It needs to be stated at the outset that what is called the goods and services tax (GST) is based entirely on the system of value-added tax (VAT). There are reasons to use this particular term in India, which need not concern us here. However, even in countries where it is called VAT, the tax is not just on goods but also on trade and services.
The three essential benefits of GST have been stated in a September 2010 Organisation for Economic Co-operation and Development (OECD) paper by Alain Charlet and Jeffrey Owens as follows:
• The VAT raises revenue in a neutral and transparent manner. Some suggest that ‘‘a VAT is the most effective instrument for generating government revenue’’ and that ‘‘the marginal cost of raising funds for public purposes through VAT is generally lower than it would be if other taxes were employed.’’
• VAT is relatively secure from serious fraud in a domestic market. The tax relies on a staged collection mechanism in which successive taxpayers are entitled to deduct input tax on purchases and have to account for output tax on sales.
• According to independent studies, the implementation of a unique VAT rate should reduce business compliance costs by at least 20 per cent and up to 30 per cent, and this may increase growth by 0.1 per cent to 0.7 per cent.
The advantages, as above, can only be realised when the application of tax is done in the simple form that it is designed for. Simplicity ensures compliance and, along with severe penalties, will reduce the possibility of fraud to the minimum. Hence, the government machinery will have the resources to go after the evaders.
Why the system is complex
The complexity of the system as is being implemented is based on two primary factors. One is to achieve the social objective of equality, and the second is the lack of trust that the government exhibits vis-à-vis the citizens. The social objectives are stated in emotional terms, which touches the hearts of people and thus makes the mind accept it as valid. Lack of trust is a legacy of the colonial system and implemented in an independent country on the basis of socialism.
In justifying the multiplicity of tax rates, the Finance Minister wondered how an automobile and a Hawai chappal could be taxed at the same rate. The latter is in the basket of the purchase of a poor man, while the one who purchases a car can afford to bear a higher tax. This justification has been made very often in the past in many countries, and it does have a theoretical justification. What it does not consider is that tweaking a system has a problem of its own, and often what is good in theory turns out to be not so practical. Who is to define what is a necessity and what is a luxury? Also, what is considered to be a luxury today has often been found to be a necessity tomorrow.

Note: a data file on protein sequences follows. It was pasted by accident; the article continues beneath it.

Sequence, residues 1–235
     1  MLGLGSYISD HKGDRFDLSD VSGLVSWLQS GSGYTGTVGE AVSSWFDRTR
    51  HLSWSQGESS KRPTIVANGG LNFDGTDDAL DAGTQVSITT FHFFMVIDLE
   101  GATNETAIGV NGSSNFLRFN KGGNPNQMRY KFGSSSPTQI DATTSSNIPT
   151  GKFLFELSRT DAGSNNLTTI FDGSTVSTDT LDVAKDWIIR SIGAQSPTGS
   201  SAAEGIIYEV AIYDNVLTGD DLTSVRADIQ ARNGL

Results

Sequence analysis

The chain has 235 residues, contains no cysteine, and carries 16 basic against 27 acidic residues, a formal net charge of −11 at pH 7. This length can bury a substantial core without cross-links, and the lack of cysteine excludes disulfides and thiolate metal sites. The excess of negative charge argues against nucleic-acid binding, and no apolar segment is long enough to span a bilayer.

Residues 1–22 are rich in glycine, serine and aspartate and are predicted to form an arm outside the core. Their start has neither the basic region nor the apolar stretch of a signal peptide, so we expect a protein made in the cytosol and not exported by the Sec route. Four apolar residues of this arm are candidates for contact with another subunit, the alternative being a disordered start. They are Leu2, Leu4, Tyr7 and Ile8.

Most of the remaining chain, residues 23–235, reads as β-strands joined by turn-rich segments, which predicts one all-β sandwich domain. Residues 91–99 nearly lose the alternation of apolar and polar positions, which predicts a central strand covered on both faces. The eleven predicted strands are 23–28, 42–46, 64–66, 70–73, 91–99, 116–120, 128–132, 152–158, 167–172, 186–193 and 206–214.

At an aspirational level, a person who today can afford to buy only a Hawai chappal can well be a consumer for an automobile in a short period. We have so often come across stories of rags-to-riches, and a higher tax rate on a supposed luxury good may well make the poor person suppress his aspirations that can motivate him to work harder.
Wage Goods model
Here, let me briefly discuss the Wage Goods model proposed by professors C N Vakil and P R Brahmanand. This was postulated as something that needs to be done in addition to the Capital Goods model proposed by professor P C Mahalanobis.
In the Wage Goods model, it is proposed that serious effort should be made to provide goods, primarily of day-to-day necessities, which a person can buy through the wages he earns. The intention, to state what is obvious, was that the government should identify any hurdles that may come in the way of such goods reaching the wage-earner. Essentially, it is not just a production issue but also a supply-chain issue – that the producer easily reaches the consumer. Part of the supply-chain also deals with the wholesale and retail sector, and regulations should not come in the way of the players here to function efficiently.
I would like to extend the Wage Goods model also as a means to incentivise the wage-earner to take extra efforts to increase his wages. Suppose the wage-earner has a desire to buy a certain product and can afford to buy it if the price is Rs 40,000. However, suppose the producer needs a price of Rs 60,000 to make normal profits, then the wage-earner may say that he can make the extra effort to earn the additional Rs 20,000, benefiting the economy to this extent.